My Business: Nepalese airline taking off
What makes an entrepreneur? The BBC's Surendra Phuyal hears from Birendra Bahadur Basnet, a private-airline owner in Nepal, about the risks he took starting his business, and how he believes success can be achieved.
He does not come from a family of business people. His father is a retired judge, his ancestors were farmers in eastern Nepal. But Birendra Bahadur Basnet, 49, is amongst Nepal's most successful entrepreneurs. He has carved a niche in the country's not-so-impressive aviation sector in just a few years.
When he registered his airline, Buddha Air, and started operations in 1996, the business graduate from a Kathmandu university had only one aircraft that was purchased with a loan: a US-made Beechcraft 1900D.
Nearly two decades later, he is is the proud owner of nine aircraft - three Beechcraft 1900, three ATR 42-320 and three ATR 72-500 aircraft.
Basnet's Buddha Air fleet is the largest in Nepal's domestic sector.
"When we obtained the loan of around NPR 70m (£442,000; $708,000) in 1996 to set up our business and purchase an aircraft, our friends and relatives and other people said we had gone mad," Basnet, says, smiling. "But we started doing good in aviation sector and we paid our loan after six years," he says, adding his airline business has grown almost ten-fold since then.
When he started, he recalls Nepal's state-owned airline Royal Nepal Airlines was not particularly successful and the newly liberalised domestic aviation market was looking for stable players from the private sector.
"That's precisely where we saw the gap and we jumped in," he says. "The market was competitive, but safety, reliability and comfort being our mantra, we succeeded in winning the trust of our customers and we have been adding aircraft, one after another to our fleet."
'A very sad experience'
Basnet's road to success has not been easy though; the biggest blow came in September 2011 when one of his Beechcraft crashed on a hill near Kathmandu while returning from an aborted Mount Everest sightseeing flight, killing 19 people.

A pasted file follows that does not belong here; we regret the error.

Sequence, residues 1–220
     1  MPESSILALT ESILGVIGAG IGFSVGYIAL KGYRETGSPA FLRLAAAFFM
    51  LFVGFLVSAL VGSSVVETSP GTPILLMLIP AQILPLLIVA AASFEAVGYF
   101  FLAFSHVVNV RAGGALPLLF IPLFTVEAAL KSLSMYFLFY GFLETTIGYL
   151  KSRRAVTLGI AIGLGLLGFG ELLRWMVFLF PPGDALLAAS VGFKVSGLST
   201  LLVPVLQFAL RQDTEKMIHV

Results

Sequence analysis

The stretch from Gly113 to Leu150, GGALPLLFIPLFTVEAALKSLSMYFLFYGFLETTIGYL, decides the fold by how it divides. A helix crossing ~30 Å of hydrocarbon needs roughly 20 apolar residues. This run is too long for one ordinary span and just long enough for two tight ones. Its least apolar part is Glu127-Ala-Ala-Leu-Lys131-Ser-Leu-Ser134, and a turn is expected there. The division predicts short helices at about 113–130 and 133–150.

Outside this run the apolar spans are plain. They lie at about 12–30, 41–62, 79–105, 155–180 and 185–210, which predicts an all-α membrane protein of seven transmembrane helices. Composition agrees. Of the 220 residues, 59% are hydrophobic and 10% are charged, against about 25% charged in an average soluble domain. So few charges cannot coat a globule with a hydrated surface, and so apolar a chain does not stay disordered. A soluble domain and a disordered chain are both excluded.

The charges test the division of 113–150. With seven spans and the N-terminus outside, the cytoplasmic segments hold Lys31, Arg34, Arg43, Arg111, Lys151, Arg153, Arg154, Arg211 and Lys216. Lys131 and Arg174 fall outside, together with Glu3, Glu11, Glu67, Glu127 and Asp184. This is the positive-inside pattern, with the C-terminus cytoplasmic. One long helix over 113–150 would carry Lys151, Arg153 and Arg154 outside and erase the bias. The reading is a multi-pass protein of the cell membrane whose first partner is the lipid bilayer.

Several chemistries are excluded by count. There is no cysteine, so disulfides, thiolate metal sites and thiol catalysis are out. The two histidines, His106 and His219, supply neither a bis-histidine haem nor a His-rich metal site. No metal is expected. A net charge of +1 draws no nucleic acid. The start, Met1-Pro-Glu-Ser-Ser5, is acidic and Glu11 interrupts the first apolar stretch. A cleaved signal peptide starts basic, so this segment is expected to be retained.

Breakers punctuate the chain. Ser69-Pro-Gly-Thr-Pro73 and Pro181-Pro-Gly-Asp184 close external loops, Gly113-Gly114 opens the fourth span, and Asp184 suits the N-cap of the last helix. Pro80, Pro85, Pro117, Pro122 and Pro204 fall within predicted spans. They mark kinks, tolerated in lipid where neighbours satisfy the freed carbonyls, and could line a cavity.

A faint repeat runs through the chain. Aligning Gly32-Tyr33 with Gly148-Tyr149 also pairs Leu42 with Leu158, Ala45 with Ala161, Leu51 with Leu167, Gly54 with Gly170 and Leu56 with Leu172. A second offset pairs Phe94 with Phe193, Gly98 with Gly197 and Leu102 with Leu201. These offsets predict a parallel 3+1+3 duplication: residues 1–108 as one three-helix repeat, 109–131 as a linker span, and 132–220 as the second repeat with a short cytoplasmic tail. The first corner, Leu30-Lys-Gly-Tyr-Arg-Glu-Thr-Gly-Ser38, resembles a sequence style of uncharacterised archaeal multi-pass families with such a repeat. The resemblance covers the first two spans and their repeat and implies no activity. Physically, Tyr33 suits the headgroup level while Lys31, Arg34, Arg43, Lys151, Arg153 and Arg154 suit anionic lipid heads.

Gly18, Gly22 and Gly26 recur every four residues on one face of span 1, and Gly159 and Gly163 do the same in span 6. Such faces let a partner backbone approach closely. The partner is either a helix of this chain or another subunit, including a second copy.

"We thought we were invincible, but that crash proved we were not," he said, tears welling up in his eyes. "We lost three of our great colleagues, several other people and the aircraft.
"That was a very sad experience that we had, but that also helped us grow."
After the crash, he says, the airline did a review of its flight safety mechanisms and other related procedures to ensure that Buddha Air's safety standards remain impeccable.
"We thought people would choose other airlines after the crash, we were concerned," he says. "But that didn't affect our business. People - both Nepalis and foreigners - continued to love us."
Up, up and away
Every morning, Buddha Air attracts dozens of foreign tourists to Kathmandu airport for its early morning sightseeing flights to the Mount Everest region - it hosted former UN Secretary General Kofi Annan when he visited Nepal in 2001.
Boasting Nepal's first private airline to have its own hangar within Kathmandu Airport premises, Buddha Air flies to major towns inside Nepal and connects the Indian city of Varanashi with Kathmandu.
"We are the first private airline to fly outside Nepal," says Basnet, adding that he plans to take Buddha Air to other major cities in the Asia Pacific region in future to better facilitate connectivity for passengers flying into and out of Nepal.
Buddha Air currently employs more than 700 people, offering them salaries between 150 dollars and thousands of dollars per month.
"They are a mostly happy bunch of people," he says. "We are like a happy family, but still we need to make sure that everyone is looked after and content."
His recipe for success remains this: "Don't multi-task, focus on your goal. Success is floating around, all you have to do is go and grab it. But again, you have to focus on what you want to do and what you want to achieve."